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Child-Like Wonder

March 5, 2019

Do you play much? Make room for wonder? If not, you may need to punch pause and rediscover childlikeness. Read on as Christine Aroney-Sine shows us how to truly embrace God's kingdom.

 

Elisa

 

Child-Like Wonder

By Christine Aroney-Sine

 

It's official, Seattle accumulated more February snow this year than any time since 1916. On the first snow day we all woke to a beautiful white winter wonderland, pulled out our sleds and went off to have some fun. The local park was full of families sledding, skiing, snowshoeing and walking. I came home refreshed, renewed and revived.

 

I cannot remember the last time I took a whole day for play like this. It is sad that it takes such a rare event for many of us to get out and have some fun. Yet according to Stuart Brown of the National Institute for Play, nothing lights up the brain like play. He believes it is as important as oxygen for our survival and may be God's greatest gift to humankind.

 

Unless you become like children you cannot enter the kingdom of God. These words in Matthew 18 riveted my attention a couple of years ago and helped change my perspective.

 

I asked my Facebook friends: What childlike characteristics make us fit for the kingdom? An amazing list emerged: playfulness, awe and wonder, imagination, curiosity, love of nature, and many more.

 

Tragically we live in a world of play deprivation, nature deficit disorder, and awe and wonder depletion. No wonder we suffer from God-deprivation too. No wonder our life rhythms are out of sync with God.

 

I am increasingly convinced that rediscovering child-like wonder is essential for our spiritual health. Awe and wonder, imagination and curiosity connect us to the God who is present in every moment and everything in a way that nothing else can. These qualities enrich our contemplative core and expand our horizons to explore new aspects of our world and of our God.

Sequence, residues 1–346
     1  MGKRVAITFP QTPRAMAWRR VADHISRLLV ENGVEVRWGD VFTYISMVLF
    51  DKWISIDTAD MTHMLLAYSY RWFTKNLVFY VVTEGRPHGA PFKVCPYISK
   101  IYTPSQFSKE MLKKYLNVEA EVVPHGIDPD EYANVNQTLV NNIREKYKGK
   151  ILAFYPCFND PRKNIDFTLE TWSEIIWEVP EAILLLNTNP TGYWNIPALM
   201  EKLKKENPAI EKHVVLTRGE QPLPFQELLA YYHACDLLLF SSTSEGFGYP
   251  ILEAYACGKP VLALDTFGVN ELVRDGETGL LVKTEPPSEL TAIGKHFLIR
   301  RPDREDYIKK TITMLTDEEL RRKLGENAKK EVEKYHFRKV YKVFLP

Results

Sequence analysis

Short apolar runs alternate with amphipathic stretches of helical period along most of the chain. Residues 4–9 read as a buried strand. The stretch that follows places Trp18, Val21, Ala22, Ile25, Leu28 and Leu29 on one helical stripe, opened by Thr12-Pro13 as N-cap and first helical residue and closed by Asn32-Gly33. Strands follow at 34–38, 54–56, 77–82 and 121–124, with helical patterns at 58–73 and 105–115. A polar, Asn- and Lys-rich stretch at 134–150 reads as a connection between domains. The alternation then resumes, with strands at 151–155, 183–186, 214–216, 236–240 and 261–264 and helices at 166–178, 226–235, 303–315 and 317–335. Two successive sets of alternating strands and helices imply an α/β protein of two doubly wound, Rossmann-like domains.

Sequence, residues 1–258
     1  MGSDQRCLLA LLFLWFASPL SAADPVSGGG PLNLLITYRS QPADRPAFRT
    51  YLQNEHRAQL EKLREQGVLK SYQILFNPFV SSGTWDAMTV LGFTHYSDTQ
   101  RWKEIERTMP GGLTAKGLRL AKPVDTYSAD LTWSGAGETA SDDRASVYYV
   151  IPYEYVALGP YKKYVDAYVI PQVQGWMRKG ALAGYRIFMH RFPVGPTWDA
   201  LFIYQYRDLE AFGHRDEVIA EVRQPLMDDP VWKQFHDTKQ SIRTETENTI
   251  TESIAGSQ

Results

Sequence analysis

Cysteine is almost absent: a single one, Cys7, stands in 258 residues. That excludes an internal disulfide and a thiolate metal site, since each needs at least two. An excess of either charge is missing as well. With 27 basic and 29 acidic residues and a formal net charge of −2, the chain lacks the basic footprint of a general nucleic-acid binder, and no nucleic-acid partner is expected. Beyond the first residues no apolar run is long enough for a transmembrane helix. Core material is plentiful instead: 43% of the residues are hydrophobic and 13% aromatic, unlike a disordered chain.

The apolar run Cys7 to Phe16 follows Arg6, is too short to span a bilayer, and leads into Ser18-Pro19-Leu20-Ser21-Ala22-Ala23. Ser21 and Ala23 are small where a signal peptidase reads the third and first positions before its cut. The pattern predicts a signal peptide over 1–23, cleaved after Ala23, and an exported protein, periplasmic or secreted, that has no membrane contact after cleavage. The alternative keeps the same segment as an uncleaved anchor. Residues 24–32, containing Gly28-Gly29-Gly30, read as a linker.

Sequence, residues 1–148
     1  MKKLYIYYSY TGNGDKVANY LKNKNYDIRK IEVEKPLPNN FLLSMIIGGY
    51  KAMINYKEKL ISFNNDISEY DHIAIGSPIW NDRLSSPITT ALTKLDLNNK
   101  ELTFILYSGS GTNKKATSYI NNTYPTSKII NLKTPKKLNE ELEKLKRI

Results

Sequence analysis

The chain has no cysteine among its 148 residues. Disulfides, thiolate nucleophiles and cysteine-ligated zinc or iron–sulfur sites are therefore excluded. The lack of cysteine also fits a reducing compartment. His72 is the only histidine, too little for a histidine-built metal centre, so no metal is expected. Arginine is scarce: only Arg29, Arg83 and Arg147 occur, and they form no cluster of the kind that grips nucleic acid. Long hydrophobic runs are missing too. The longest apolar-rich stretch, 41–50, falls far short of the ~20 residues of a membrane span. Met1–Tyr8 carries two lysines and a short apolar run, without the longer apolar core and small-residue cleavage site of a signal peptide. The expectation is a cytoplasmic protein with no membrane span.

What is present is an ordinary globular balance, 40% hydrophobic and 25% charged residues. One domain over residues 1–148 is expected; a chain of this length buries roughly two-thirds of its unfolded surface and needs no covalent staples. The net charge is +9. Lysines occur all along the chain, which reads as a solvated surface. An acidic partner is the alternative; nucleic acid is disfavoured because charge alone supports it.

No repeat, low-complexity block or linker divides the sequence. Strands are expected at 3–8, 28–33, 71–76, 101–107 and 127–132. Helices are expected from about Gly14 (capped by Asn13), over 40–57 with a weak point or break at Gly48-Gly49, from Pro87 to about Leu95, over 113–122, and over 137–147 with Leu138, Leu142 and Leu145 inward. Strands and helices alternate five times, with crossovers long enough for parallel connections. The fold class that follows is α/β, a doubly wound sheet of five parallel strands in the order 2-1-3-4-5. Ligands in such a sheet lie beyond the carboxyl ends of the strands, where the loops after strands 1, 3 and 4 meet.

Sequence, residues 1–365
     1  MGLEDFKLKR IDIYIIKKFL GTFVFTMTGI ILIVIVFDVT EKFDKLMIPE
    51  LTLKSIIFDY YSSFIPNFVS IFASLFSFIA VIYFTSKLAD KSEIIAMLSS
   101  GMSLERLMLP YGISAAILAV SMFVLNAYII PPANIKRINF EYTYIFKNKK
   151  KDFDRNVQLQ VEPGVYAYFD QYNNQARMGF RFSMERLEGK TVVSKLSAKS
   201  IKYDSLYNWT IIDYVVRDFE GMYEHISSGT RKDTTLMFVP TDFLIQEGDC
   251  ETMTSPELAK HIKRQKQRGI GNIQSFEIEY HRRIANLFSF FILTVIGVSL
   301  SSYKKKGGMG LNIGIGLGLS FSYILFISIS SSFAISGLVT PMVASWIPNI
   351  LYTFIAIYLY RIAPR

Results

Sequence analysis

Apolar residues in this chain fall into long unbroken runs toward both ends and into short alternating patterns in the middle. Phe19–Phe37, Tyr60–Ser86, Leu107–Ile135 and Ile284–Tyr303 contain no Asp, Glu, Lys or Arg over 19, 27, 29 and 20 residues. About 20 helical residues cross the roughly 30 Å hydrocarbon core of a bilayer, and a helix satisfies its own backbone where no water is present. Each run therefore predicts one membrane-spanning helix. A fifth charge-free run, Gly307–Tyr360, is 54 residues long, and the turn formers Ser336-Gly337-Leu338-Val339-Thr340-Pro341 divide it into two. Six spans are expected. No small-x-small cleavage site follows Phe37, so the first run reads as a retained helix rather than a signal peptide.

Believing in a God who loves to get his hands dirty planting gardens, makes mud pies to put on the eyes of the blind, and does happy dances and sings with joy over all of humanity and in fact all of creation has revolutionized my faith. Here are a few steps you can take now, to embrace the gift of wonder:

  • Read some children's books - revisit your childhood favorites or ask your kids, grandkids or friends' kids which ones they enjoy most. Read them together. It is always fun to hear the enthusiastic responses of children to creative words and images.

  • Spend time with kids - we all need kids in our lives. Not only do they help us have fun but they ask difficult questions that encourage us to let go of our pretentious and often unrealistic expectations of ourselves and others. Sometimes their questions lead us to some deep soul searching of our own.

  • Reconnect to your senses - kids view the world through all their senses, but we adults often limit ourselves to sight and sound. Even these senses have very confining borders. Go on a nature walk. Rediscover the joy of smells, the wonder of textures, the delight of sunlight through trees. Using our senses opens us to a God of delight and rejoicing who invites us to relax, to sit in contentment and wonder, or allow ourselves to be distracted by the beauty of a butterfly.

 

As the snow melts and spring erupts, I want to notice the wonder of the changing season and immerse myself in the beauty. Will you join me in discovering the wonder of God's world?

 

 

Christine Aroney-Sine is the founder and facilitator for GodSpace, an online community that grew out of her passion for creative spirituality, gardening and sustainability. She and her husband, Tom, are cofounders of Mustard Seed Associates. Her most recent book is The Gift of Wonder: Creative Practices for Delighting in God. Other books include Rest in the Moment, Return to Our Senses, GodSpace, and Tales of a Seasick Doctor.

 

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